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In this exquisite re-telling of Peter Pan, Behn Zeitlin offers an evocative portrait of youth, drenched in dazzling colours - in cinemas on Friday, August 13th

T/dropcap]his is an original tale, in more ways than one. This is, after all, the most radical re-working of the Peter Pan mythos to date, shifting the tale from the comforting fog that falls down on London, to the more industrial backdrop of the American South. Wendy (Devin France) is now presented as a wild spirit, an enterprising young girl eager to latch onto the trains that race down the local track. To her surprise, the train takes her to a volcanic island, where children soar and adventure beckons.

Beautifully presented, and directed with sophisticated flair for a film aimed at children, Wendy is an inventive addition to the ever expanding fairytale. Most adaptations focus on Peter Pan, the rambunctious starlet who travels over land and sea with tremendous ease, but this film pivots the focus on Wendy Darling, nominally the secondary character and occasional love interest. Granted, France’s performance is a little overshadowed by the more vibrant Yashua Mack (playing Peter Pan; apparently the first time the role has been given to a black actor in film), but she does make for a compelling lead, especially in the earlier, more drab like, scenes. This is a girl unfazed by train crashes or water slides, who fashions her mindset on a world beyond the train tracks. And then there’s James (Kevin Pugh), a precocious child who abandons his family for a life of piracy beyond the iron tracks.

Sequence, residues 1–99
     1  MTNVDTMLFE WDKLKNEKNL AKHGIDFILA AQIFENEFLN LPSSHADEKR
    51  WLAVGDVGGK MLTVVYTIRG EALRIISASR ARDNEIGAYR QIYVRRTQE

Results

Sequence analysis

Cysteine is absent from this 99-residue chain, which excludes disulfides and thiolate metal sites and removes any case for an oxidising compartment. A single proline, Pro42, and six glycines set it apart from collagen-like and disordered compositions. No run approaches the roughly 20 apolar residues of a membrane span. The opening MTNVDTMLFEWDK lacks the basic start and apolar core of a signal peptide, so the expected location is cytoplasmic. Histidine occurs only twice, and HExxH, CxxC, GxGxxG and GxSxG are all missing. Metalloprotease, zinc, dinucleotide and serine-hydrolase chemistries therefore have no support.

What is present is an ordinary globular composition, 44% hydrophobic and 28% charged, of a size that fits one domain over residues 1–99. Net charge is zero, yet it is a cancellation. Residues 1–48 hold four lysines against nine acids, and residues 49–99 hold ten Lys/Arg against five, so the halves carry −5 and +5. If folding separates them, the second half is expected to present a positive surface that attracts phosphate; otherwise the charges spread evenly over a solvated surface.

For such young actors, the performances are stellar, although they do begin to lose steam once the threat of adulthood beckons. As if offering the children eternal youth, the island also holds a more sinister quality, calling them to cast off their shackles and age accordingly. If there’s a fable, it’s a hard one to make out, and the film doesn’t know whether to caution viewers, or invite them, to chase adventure by the close of the picture.

This is not a reflection of the cinematography: There are many dazzling silhouettes, some of them centred in the air, others in the heart of the American sea. Director Behn Zeitlin lets the camera soar during one of the film’s more memorable set pieces, and offers viewers the chance to fly with the children. The island looks stunning, presenting itself as the very place a nine-year-old would yearn to live in. And maybe that’s the point. Sometimes you don’t need a great message to live your life by – you just need to feel free!

Wendy is in cinemas on Friday, August 13th

By Eoghan Lyng - 06-08-2021

Throughout a journey found through his own writings and the writings of other filmmakers, Eoghan has taken to the spirit of the surreal to find greater meaning from the real. He finds it far easier to...

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